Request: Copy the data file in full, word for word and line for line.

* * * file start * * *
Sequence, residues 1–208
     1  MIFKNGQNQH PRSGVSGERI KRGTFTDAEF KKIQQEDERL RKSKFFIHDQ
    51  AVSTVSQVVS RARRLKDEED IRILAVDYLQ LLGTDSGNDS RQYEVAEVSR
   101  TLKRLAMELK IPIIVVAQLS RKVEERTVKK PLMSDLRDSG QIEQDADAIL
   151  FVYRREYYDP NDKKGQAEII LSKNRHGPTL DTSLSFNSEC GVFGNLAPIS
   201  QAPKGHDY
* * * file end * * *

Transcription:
Sequence, residues 1–208
     1  MIFKNGQNQH PRSGVSGERI KRGTFTDAEF KKIQQEDERL RKSKFFIHDQ
    51  AVSTVSQVVS RARRLKDEED IRILAVDYLQ LLGTDSGNDS RQYEVAEVSR
   101  TLKRLAMELK IPIIVVAQLS RKVEERTVKK PLMSDLRDSG QIEQDADAIL
   151  FVYRREYYDP NDKKGQAEII LSKNRHGPTL DTSLSFNSEC GVFGNLAPIS
   201  QAPKGHDY